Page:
Lownslowlsc Dedicated LVC Member

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    Hard to say. My guess is that the majority of the M8's roaming around at ride height are indeed converted. But again, a guess.

    If your car is in otherwise good shape I don't think it'll matter too much when it comes time to resell it. Lower mileage M8's in good shape are not all that prevalent. As I said above, any enthusiast that buys it may frown upon the coils but should understand why it was done. Let them know that everything is intact and that they can switch it back with relative ease. Now if you had an equivalent m8 on newer oem bags it may bring a bit more money but not enough to offset their cost.

    If you plan on enjoying it for years to come and don't want the hassle of more air ride issues, convert. If you want to keep it all original hoping that it remaining on air will bring a little more money when it comes time to sell it then buy the reman bags or used 20+ year old oem bags. These things don't really demand all that much money in the first place, so.. Your call.

    Me personally? I'd pay less for a M8 on air unless they had receipts showing it has been "maintained".
     
    Last edited: Nov 15, 2017
  8. BILLBOATS

    BILLBOATS Well-Known LVC Member

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  9. Jim Knight

    Jim Knight Active LVC Member

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    Honestly, I'm too new a MK enthusiast to know what or what doesn't affect resale. I've wanted one for a long time, spent many months looking until I found my rust free 97 Southern Cal MK with 89k miles. But still dumped a ton of $$ into it, and now, for all intents and purposes, it's practically brand new and drives like it is. The air suspension is still good, though had to replace the mounts for the compressor. I expect to keep mine for the duration. Though I've been advised against it, when the air ride does take a shit, I'll probably look at converting more seriously.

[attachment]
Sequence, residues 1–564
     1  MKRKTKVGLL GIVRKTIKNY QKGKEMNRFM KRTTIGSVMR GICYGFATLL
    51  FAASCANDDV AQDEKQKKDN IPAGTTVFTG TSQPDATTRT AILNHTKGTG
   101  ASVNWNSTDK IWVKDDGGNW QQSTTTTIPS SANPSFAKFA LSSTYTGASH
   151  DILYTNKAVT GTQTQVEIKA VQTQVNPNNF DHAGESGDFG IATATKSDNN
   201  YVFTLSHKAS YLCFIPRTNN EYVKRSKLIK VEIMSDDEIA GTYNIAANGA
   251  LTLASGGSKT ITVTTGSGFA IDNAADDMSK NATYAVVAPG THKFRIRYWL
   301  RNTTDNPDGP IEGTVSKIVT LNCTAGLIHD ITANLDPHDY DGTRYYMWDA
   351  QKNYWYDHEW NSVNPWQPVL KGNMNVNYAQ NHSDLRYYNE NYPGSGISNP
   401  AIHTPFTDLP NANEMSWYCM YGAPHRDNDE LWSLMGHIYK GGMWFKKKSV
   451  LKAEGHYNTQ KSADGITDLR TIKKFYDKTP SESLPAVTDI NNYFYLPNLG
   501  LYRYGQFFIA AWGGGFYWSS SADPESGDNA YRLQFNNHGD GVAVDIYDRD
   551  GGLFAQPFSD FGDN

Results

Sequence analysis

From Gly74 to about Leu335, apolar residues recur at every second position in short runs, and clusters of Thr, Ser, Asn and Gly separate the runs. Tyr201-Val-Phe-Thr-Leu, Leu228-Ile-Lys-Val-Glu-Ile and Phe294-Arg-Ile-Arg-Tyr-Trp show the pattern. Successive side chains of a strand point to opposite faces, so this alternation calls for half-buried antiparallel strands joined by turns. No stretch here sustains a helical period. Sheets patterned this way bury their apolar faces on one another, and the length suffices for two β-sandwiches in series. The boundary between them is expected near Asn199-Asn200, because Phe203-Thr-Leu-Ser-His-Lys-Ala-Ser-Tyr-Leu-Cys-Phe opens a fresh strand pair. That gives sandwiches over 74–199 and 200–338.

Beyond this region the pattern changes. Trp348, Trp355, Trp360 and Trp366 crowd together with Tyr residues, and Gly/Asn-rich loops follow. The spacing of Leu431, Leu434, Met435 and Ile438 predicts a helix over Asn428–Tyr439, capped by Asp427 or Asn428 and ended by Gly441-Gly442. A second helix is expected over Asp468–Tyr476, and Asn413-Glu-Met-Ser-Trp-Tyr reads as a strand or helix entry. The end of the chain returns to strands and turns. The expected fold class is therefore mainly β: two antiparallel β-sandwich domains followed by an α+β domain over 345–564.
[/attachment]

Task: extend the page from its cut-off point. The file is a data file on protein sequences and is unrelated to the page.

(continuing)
10. BILLBOATS

    BILLBOATS Well-Known LVC Member

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    Hi, I too have a 96 mark 8 with the air ride gone. I mean the cars on the frames. I can not get a floor jack underneath the car. Done a lot of research. If you need 2 rear shocks add another 150 to the price. I have mine winterized and car covered for winter. I would like to keep the air ride and will try next year to check the compressor and or replace it. The systems are now 21 years old. A master lincoln tech told me you are better to convert to all springs. If the air ride compressor dosen't help, I likely will buy from Arnott a entire kit as they guarantee it to the orginial purchaser for life(I am not positive) If i was to restore the air, I planned to buy struts, bages, a compressor and new air lines if needed. Complete air restor parts vs air are approximately
    The ride dosen't as a rule go all at one. You will be able to drive it . The message center will alert you to the system needing repair. Just keep and eye on the compressor running too frequently as this is the firsts sign of a leak. Then drive it home and jack it up spraying soap suds with a bottle sprayer over the front air struts, then jack up rear and do same thing. Lo0k for air bubbles. Until then just keep air ride you have. If it ain't broke do not fix it